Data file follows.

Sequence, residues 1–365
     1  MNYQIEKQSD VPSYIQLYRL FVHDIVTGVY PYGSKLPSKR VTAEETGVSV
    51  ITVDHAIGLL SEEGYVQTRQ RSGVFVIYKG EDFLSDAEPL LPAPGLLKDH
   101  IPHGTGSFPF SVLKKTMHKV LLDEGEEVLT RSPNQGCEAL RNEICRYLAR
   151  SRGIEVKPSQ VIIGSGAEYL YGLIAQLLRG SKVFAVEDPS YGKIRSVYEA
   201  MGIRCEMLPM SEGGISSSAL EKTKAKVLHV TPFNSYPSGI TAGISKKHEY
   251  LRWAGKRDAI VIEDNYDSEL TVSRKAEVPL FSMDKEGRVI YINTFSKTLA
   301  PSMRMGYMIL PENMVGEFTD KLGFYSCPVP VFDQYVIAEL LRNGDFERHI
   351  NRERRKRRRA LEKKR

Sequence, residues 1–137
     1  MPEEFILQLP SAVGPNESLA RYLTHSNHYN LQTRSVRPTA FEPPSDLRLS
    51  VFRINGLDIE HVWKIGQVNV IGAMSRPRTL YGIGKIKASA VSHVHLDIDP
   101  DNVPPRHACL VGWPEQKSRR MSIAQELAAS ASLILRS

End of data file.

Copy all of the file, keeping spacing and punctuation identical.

Sequence, residues 1–365
     1  MNYQIEKQSD VPSYIQLYRL FVHDIVTGVY PYGSKLPSKR VTAEETGVSV
    51  ITVDHAIGLL SEEGYVQTRQ RSGVFVIYKG EDFLSDAEPL LPAPGLLKDH
   101  IPHGTGSFPF SVLKKTMHKV LLDEGEEVLT RSPNQGCEAL RNEICRYLAR
   151  SRGIEVKPSQ VIIGSGAEYL YGLIAQLLRG SKVFAVEDPS YGKIRSVYEA
   201  MGIRCEMLPM SEGGISSSAL EKTKAKVLHV TPFNSYPSGI TAGISKKHEY
   251  LRWAGKRDAI VIEDNYDSEL TVSRKAEVPL FSMDKEGRVI YINTFSKTLA
   301  PSMRMGYMIL PENMVGEFTD KLGFYSCPVP VFDQYVIAEL LRNGDFERHI
   351  NRERRKRRRA LEKKR

Sequence, residues 1–137
     1  MPEEFILQLP SAVGPNESLA RYLTHSNHYN LQTRSVRPTA FEPPSDLRLS
    51  VFRINGLDIE HVWKIGQVNV IGAMSRPRTL YGIGKIKASA VSHVHLDIDP
   101  DNVPPRHACL VGWPEQKSRR MSIAQELAAS ASLILRS